Microglia regulate myelin growth and integrity in the central nervous system

Niamh McNamara, David Munro, Nadine Bestard-Cuche, Akiko Uyeda, Jeroen F J Bogie, Alana Hoffmann, Rebecca Holloway, Irene Molina-Gonzalez, Katie Askew, Stephen Mitchell, William Mungall, Michael Dodds, Carsten Dittmayer, Jon Moss, Jamie Rose, Stefan Szymkowiak, Lukas Amann, Barry W McColl, Marco Prinz, Tara Spires-JonesWerner Stenzel, Karen Horsburgh, Jerome J A Hendriks, Clare Pridans, Rieko Muramatsu, Anna C Williams, Josef Priller, Véronique E Miron*

*Corresponding author for this work

Research output: Contribution to journalArticlepeer-review

Abstract / Description of output

Myelin is required for the function of neuronal axons in the central nervous system, but the mechanisms that support myelin health are unclear. Although macrophages in the central nervous system have been implicated in myelin health1, it is unknown which macrophage populations are involved and which aspects they influence. Here we show that resident microglia are crucial for the maintenance of myelin health in adulthood in both mice and humans. We demonstrate that microglia are dispensable for developmental myelin ensheathment. However, they are required for subsequent regulation of myelin growth and associated cognitive function, and for preservation of myelin integrity by preventing its degeneration. We show that loss of myelin health due to the absence of microglia is associated with the appearance of a myelinating oligodendrocyte state with altered lipid metabolism. Moreover, this mechanism is regulated through disruption of the TGFβ1–TGFβR1 axis. Our findings highlight microglia as promising therapeutic targets for conditions in which myelin growth and integrity are dysregulated, such as in ageing and neurodegenerative disease2,3.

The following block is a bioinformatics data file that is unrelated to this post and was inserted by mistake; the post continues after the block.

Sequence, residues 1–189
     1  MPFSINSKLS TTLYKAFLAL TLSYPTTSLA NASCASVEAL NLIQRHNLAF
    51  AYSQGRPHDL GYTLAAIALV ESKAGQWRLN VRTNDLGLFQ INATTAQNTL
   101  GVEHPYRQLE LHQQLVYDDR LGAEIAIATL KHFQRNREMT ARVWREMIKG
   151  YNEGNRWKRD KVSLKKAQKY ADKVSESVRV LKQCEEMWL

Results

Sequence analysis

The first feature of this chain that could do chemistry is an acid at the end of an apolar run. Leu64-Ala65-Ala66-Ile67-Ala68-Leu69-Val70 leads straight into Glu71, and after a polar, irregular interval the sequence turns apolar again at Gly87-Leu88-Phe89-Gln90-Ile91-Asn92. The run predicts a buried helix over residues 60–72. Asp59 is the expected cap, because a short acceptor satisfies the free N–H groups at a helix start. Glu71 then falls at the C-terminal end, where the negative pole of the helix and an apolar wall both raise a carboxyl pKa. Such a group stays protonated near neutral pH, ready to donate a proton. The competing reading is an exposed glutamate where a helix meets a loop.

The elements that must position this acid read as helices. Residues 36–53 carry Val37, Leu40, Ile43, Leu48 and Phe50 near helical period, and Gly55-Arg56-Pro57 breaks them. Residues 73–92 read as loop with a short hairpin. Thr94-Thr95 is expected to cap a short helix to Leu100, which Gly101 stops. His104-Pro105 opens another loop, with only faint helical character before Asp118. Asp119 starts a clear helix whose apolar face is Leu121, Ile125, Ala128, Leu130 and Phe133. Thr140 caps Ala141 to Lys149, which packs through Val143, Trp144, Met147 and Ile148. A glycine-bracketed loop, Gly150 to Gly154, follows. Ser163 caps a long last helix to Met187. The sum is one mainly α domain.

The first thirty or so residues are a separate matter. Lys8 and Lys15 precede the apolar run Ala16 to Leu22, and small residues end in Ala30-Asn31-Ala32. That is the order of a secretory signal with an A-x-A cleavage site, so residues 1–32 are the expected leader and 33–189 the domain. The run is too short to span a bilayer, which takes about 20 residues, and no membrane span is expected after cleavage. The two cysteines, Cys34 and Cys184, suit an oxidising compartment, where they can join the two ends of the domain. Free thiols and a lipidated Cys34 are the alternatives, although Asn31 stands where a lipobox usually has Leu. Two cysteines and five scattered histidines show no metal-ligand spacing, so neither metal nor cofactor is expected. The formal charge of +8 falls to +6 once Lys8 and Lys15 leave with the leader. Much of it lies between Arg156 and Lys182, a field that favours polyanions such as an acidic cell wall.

Original languageEnglish
Pages (from-to)120-129
Early online date14 Dec 2022
Publication statusPublished - 5 Jan 2023


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